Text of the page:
Why is this important? 1. Good policy and orderly cooperative action can avoid total catastrophe. It is vital to realize that while a natural catastrophe like a Tsunami cannot be avoided Financial Tsunamis can be avoided. The math can be done to make a balanced bailout and haircut options that equally effects banks and public services but protects all of us from wholesale disaster. As Christians, we ought to call for balanced sacrifice and wise solutions to avoid undue suffering. This is the compassionate and wise thing to do. 2. Human nature and the realities of life can cause suffering people to do horrible things. Poverty and economic collapse can lead to political instability. These things have happened before and it is unwise to believe that the 21st century is any different than the 20th.



India's Identity Project

2011-09-02T12:45:19.386-07:00

With National Database, India Tries to Reach the Poor - NYTimes.com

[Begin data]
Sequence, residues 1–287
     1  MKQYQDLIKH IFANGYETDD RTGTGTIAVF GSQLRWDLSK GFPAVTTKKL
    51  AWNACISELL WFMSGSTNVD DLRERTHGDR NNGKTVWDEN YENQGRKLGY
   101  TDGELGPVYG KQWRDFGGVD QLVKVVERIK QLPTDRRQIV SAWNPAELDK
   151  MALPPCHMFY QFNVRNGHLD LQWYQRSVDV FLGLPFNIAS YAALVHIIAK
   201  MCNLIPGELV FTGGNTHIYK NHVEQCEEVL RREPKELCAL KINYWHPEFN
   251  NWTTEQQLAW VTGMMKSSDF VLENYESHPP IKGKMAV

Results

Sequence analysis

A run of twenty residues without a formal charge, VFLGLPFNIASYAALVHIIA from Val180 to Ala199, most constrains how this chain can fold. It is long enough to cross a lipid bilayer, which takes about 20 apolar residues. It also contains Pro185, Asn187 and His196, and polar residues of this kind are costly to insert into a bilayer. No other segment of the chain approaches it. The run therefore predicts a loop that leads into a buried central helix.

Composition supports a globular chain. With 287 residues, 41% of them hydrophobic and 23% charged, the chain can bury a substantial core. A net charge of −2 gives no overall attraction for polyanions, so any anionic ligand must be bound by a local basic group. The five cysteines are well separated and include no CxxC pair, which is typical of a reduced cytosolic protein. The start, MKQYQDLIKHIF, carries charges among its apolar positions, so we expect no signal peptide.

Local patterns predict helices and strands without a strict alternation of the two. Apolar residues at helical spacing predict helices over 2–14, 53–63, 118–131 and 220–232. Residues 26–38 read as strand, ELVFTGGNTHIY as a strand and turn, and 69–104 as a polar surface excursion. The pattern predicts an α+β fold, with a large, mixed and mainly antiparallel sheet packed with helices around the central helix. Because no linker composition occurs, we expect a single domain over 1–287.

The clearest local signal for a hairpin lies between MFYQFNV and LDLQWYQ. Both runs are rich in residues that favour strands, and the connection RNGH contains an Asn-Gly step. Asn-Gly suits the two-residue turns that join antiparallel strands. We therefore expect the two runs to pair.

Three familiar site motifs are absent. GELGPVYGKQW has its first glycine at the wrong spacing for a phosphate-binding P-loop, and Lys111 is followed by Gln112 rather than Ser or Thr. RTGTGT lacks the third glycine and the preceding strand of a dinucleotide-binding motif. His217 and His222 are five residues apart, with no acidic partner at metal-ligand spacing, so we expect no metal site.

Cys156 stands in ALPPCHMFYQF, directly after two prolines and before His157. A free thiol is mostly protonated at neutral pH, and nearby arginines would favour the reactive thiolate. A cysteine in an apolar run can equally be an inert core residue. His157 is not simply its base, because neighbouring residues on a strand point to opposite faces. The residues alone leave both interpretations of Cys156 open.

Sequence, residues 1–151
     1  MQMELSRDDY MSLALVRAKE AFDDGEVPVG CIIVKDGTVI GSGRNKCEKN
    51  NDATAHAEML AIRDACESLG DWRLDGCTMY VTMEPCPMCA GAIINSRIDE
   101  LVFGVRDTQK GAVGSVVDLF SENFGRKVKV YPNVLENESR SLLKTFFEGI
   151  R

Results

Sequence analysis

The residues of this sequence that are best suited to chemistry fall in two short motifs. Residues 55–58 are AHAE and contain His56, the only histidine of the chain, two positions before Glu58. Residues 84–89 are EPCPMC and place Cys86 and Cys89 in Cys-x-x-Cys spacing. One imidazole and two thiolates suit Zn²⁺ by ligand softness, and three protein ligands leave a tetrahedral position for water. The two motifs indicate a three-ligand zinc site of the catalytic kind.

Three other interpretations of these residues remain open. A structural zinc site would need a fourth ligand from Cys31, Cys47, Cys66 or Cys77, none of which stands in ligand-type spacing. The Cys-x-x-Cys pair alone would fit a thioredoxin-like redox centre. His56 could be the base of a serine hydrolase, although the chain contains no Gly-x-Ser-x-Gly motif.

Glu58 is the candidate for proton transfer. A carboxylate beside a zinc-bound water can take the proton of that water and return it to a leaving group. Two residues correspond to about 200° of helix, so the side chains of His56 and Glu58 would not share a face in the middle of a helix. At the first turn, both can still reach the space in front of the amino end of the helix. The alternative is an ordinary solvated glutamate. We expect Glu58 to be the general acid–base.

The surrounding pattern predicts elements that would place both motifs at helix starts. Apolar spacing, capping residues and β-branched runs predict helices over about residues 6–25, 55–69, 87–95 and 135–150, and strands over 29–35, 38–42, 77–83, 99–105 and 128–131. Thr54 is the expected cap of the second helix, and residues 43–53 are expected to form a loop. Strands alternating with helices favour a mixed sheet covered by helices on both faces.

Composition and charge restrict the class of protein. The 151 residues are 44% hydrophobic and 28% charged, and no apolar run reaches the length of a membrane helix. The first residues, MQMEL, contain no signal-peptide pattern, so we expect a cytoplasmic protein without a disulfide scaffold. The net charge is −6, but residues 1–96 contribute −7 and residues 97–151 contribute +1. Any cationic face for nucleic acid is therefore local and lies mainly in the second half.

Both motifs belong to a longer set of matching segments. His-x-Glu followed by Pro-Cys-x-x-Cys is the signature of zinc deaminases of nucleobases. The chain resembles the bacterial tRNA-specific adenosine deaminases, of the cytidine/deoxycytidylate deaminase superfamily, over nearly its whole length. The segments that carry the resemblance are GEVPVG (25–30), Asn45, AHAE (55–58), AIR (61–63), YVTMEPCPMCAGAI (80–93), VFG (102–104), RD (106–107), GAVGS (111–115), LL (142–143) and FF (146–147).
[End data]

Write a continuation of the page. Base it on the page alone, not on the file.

This is a great article about the India Identity Project. This is a project to register all Indians. India is notorious for leaving its despertely poor behind as it "develops". This project is an aim to monitor and measure the lives of the poor and be able to get these suffering people into the benefits process. The aim is to lower significantly corruption and the cost of India's bearocracy. This is great use of technology to move development forward.

It is also headed by the author of Imagining India, Nandan M. Nilekani. Imagining India is on my bed stand waiting to be read.



Currently Reading @ 21st Century Reformation

2011-12-03T10:37:20.558-08:00

(image) (image)
My current reading list on the side bar is a bit outdated I need to update BUT here is what I am reading:

1. I just finished    
The Bottom Billion - Paul Collier

2. I am now reading 
Development as Freedom - Amartya Sen



Both are fantastic...highly recommended.



Development or Charity

2011-08-28T19:06:47.604-07:00